Neon Wrasse
Neon Wrasse

Neon Wrasse

Halichoeres melanurus

Neon Wrasse
Female Neon Wrasse - Copyright

Common name: Neon Wrasse, Yellowhead wrasse
Scientific name: Halichoeres garnoti
Max size: 7 in / 18 cm (usually smaller)
pH: 8.1-8.4
Salinity: 1.020-1.025
Temperature: 72-78ºF (22-26°C)

The Neon wrasse is a relatively new species in the trade and is quickly becoming popular. It is very beautiful and quite easy to care for. It might not be an ideal beginner fish, but it is suitable for intermediate marine fish keepers. Sometimes emaciated fish are offered for sale in the trade and it can be very hard to nurse these specimens back to health, especially if they have lost their appetite. It is therefore always recommended to ask the fish store to feed the fish so that you can see them eat before you make a purchase. A hale and hearty Neon wrasse has a healthy appetite.

Acclimatize the fish for at least 4 hours before releasing it into your aquarium. Neon wrasses often spend a lot of time burrowed into the sand until they feel at home in your tank. The Neon wrasse likes to dig itself down into the bottom now and then even when it has accustomed itself to the aquarium so don't be alarmed if you don't see it every time you check your fish. It will always sleep buried in the sand.

Juvenile Neon wrasses look very different compared to adult specimens. Juveniles have a yellow body with a blue horizontal line running across the middle. Adult males have a blue body white a yellow field on the front part. The lower part of the posterior is soft purple. Females are less colorful.

In the wild, the Neon wrasse is usually seen living in small harem groups with one male and several females. I recommend keeping them under similar conditions in your tank as well but you can keep this species in pairs or as a single specimen as well if you want to. The Neon wrasse is relatively peaceful and can be kept with other small and midsized friendly fish species, such as fairy wrasses and gobies. Do not keep with triggers or other aggressive species. This species is generally considered reef safe but may sometimes eat small shrimps so if you keep small shrimps in your reef setup this might not be the best species for your tank.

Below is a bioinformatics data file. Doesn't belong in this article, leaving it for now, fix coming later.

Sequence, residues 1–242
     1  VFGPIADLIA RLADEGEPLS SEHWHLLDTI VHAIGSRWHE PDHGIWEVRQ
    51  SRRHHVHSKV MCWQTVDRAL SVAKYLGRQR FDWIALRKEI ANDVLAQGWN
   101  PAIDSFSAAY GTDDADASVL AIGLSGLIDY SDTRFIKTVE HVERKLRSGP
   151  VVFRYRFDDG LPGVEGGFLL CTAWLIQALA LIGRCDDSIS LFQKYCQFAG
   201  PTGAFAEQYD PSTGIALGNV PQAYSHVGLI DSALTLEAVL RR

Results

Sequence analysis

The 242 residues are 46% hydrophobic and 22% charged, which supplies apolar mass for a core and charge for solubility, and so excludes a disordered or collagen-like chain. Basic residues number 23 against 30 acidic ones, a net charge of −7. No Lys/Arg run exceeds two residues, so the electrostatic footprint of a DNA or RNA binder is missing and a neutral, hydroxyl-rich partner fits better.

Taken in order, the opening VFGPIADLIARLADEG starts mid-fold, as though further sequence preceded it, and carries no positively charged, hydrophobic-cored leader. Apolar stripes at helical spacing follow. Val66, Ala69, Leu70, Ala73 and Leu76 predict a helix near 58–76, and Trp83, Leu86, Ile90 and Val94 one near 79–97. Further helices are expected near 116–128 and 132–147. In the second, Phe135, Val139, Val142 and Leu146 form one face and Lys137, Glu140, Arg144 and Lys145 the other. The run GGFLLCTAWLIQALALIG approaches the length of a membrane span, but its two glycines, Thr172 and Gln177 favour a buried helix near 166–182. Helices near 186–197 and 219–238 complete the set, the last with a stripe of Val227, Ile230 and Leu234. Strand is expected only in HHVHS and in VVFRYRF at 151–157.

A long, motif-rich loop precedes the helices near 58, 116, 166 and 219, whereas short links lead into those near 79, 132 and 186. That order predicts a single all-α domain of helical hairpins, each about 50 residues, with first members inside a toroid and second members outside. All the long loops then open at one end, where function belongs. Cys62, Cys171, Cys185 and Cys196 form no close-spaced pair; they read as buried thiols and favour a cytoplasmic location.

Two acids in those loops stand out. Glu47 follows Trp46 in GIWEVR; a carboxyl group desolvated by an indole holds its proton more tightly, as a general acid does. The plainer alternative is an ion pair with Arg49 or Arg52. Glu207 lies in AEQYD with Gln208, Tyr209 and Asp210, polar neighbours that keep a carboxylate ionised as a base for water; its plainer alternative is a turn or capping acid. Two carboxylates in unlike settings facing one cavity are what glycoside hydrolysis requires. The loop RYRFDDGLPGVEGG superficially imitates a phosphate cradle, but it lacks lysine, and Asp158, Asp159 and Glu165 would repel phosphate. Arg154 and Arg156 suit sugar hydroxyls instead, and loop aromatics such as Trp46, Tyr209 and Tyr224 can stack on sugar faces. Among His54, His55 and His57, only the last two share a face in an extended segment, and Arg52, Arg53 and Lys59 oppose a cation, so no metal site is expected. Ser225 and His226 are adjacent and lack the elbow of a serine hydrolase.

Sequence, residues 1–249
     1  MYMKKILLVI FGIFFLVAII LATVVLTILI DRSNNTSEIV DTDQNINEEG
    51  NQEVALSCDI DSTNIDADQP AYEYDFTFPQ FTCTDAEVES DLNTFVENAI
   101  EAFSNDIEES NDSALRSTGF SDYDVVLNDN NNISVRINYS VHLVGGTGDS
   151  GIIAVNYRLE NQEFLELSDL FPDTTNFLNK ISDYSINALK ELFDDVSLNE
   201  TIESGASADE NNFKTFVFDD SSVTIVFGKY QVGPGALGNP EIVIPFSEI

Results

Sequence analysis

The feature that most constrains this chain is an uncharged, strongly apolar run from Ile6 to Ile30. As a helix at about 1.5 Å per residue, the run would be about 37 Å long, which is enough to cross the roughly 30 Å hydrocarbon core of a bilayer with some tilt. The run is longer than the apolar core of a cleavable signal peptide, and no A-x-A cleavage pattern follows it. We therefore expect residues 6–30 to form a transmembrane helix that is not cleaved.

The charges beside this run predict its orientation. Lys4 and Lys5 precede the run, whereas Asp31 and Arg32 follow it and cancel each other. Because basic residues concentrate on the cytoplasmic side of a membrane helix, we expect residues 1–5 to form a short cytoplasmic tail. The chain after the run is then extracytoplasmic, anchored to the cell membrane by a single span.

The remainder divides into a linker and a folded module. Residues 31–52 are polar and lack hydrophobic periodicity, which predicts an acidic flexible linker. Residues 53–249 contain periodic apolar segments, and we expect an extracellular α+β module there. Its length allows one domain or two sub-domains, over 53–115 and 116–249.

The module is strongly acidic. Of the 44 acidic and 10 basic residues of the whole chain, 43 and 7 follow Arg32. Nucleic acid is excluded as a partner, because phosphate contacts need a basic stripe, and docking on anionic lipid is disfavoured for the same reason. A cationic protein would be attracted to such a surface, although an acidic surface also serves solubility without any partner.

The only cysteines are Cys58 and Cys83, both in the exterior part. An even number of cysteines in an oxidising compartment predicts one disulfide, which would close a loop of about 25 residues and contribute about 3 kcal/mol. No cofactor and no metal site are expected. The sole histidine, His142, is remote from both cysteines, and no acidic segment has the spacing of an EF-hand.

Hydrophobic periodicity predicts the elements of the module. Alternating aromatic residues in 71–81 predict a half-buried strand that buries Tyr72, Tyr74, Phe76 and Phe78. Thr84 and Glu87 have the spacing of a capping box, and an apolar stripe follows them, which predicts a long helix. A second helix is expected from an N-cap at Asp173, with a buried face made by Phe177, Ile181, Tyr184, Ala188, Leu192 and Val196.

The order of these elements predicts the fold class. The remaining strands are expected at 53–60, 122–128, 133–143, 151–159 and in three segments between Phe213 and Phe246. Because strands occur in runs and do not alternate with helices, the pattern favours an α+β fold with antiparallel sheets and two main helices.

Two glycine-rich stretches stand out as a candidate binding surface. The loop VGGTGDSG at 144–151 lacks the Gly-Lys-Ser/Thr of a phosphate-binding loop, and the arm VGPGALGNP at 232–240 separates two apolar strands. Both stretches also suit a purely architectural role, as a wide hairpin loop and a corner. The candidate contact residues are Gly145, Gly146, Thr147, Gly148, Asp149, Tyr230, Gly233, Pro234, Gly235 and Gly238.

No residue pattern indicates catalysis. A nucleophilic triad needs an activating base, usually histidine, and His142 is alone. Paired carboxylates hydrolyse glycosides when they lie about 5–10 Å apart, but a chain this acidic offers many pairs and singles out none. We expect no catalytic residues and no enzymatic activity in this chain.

The Neon wrasse, or Yellowhead wrasse as it is also called, originates in the western part of the Atlantic. It can be found in the waters of Florida,United States, in the entire Caribbean Sea, and down along the South American coast to south-eastern Brazil.

Neon Wrasse care and aquarium setup:

Neon wrasses are best kept in aquariums no smaller than 50 gallon / 200 L. There should also be a lot of room to swim in. The most important thing when decorating the aquarium for the Neon wrasse is to create an environment in which the fish feels secure to avoid stress. When you decorate, there are two important things to think about:

  1. This species, like all wrasses, want a deep small grained sand bed in which it can bury itself if it wants to hide. The sand bed should be at least 3 inches / 7 centimetres thick.
  2. The other thing to think about is to create enough caves and hiding places in the tank. At least some of the caves should offer a shaded place for the fish to rest in.

This species do well in "fish only" tanks, "FOWLR" tanks, and reef set-ups. They prefer a well circulated well lit aquarium.

Ideal conditions for Neon wrasse is pH 8.1-8.4, salinity 1.020-1.025, and temperature 72-78ºF (22-26°C).

Feeding Neon Wrasse

The Neon wrasses are easy to feed as they will accept most food types including marine pellets and flake food. It is important to give them a varied diet and they should not be fed exclusively flake food/pellets. A good diet might be based around pellets that is complemented with vitamin enriched brine shrimp, live food and chopped up sea food. Feed your Neon wrasses 3-4 times a day and make sure they get enough food.

Breeding Neon Wrasse

The Neon wrasse is a hermaphrodite and all specimens are born as females. The dominant female will develop into a male if there isn't a male in the area. Sometimes subordinate females can develop into subordinate males. If the dominant male then dies, one of the subordinate males becomes dominant male and no female has to turn into a male. A Neon wrasse female can develop into a working male in 10-14 days. They sometimes spawn in large public aquariums and it is possible that very large high aquariums are required to allow this species to complete its courting and spawning behavior. The Neon wrasse is an egg-laying species.

Wrasse Articles:

Bird Wrasse – Gomphosus varius
Dragon Wrasse  - Novaculichthys taeniourus
Harliquin Tuskfish – Coerodon fasciatus
Hogfish - Information about Hogfish
Ornate Wrasse – Halichoeres ornatissimus
Queen Coris – Coris frerei
Radient Wrasse – Halichoeres iridis
Spanish Hogfish – Bodianus rufus
Striated Wrasse – Pseudocheilinus evanidus
Yellow Coris – Halichoeres chrysus

Line Wrasses:
Fourline Wrasse – Pseudocheilinus tetrataenia
Sixline Wrasse – Pseudocheilinus hexataenia
Eightline Wrasse – Pseudocheilinus octotaenia

Fairy Wrasses:
Exquisite Fairy Wrasse – Cirrhilabrus exquisitus
Lubbock's Fairy Wrasse – Cirrhilabrus lubbocki
Scott's Fairy Wrasse – Cirrhilabrus scottorum
Solar Fairy Wrasse – Cirrhilabrus solorensis

Flasher Wrasses:
Carpenter's Flasher Wrasse – Paracheilinus carpenteri
Dot-and-Dash Flasher Wrasse – Paracheilinus lineopunctatus
Filamented Flasher Wrasse – Paracheilinus filamentosus
McCosker's Flasher Wrasse – Paracheilinus mccoskeri


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